Nguyen Tien Dung, head of the Vocational Training Department under the Ministry of Labour, Invalids and Social Affairs (MoLISA), says vocational training is considered a marketable product and its quality is classified accordingly.
In Germany, he notes, 80 percent of students who have finished secondary education take vocational training courses and the remainder go to college or university.
In recent years, Vietnam has expanded its vocational training network and increased the scale of training. The number of people taking vocational training courses has reached 32 percent and mechanisms have been created to ensure the best possible conditions for those living in rural areas.
Around a million workers are trained each year for the industrial, agricultural and services sectors with international cooperation growing at both national and grassroots levels.
However, vocational training in Vietnam has not yet made any major breakthroughs as expected.
MoLISA Deputy Minister Nguyen Ngoc Phi says most Vietnamese students dream of entering college or university at any cost while millions of graduates remain jobless. The reason is many businesses are unable to recruit them due to financial constraints and want to train workers themselves.
Dung admits that the quality of vocational training in Vietnam is still lower than in other countries to meet the growing demand for human resources in specific sectors.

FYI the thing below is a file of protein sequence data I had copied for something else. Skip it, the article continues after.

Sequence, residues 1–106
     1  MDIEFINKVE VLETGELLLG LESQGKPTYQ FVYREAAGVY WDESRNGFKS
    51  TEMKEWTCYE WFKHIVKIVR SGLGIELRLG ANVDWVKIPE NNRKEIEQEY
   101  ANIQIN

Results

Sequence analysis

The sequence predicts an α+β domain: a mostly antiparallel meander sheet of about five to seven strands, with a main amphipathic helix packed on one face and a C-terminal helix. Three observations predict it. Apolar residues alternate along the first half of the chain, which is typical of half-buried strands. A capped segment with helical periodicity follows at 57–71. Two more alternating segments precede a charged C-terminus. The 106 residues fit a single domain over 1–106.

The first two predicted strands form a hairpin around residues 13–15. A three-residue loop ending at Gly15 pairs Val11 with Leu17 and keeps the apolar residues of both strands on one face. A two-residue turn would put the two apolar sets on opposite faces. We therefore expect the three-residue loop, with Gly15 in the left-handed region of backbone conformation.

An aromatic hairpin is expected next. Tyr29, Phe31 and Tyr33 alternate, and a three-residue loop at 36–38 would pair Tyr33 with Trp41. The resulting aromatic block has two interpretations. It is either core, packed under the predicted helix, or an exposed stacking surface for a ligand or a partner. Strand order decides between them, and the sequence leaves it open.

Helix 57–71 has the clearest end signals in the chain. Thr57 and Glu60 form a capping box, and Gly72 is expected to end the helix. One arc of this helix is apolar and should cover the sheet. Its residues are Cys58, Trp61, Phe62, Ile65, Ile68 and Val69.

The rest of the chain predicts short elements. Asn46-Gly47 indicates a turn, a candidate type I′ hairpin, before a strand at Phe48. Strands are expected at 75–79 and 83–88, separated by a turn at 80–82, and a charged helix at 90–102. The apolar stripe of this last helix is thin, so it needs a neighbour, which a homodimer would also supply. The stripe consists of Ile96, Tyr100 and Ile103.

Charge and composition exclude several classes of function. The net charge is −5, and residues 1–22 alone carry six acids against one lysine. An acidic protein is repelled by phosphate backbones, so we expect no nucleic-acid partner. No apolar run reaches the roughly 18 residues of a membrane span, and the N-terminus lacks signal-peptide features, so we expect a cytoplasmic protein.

Vietnam plans to have 190 vocational training centres by 2015, including 26 of national standard, responsible for training around 2.9 million workers each year as from 2016 to 2020. It also expects to have 51,000 qualified vocational trainers, as well as 23.5 million workers by 2015 and 34.4 million by 2020.
The main focus of these centres will be on coordinating with businesses to train workers at their request.
To this end, Phi emphasizes, it is urgent to improve the quality of vocational training to provide suitable workers for both domestic and foreign businesses.
Hans Juergen Beerfelt, State Secretary of the German Federal Ministry for Economic Co-operation and Development, shares Germany’s experience in developing young human resources, saying that the shortage of qualified workers is a human barrier to the national development process.
He insists that Vietnam must improve the quality of vocational training to meet business demand for practical skills on the part of workers in specific areas.
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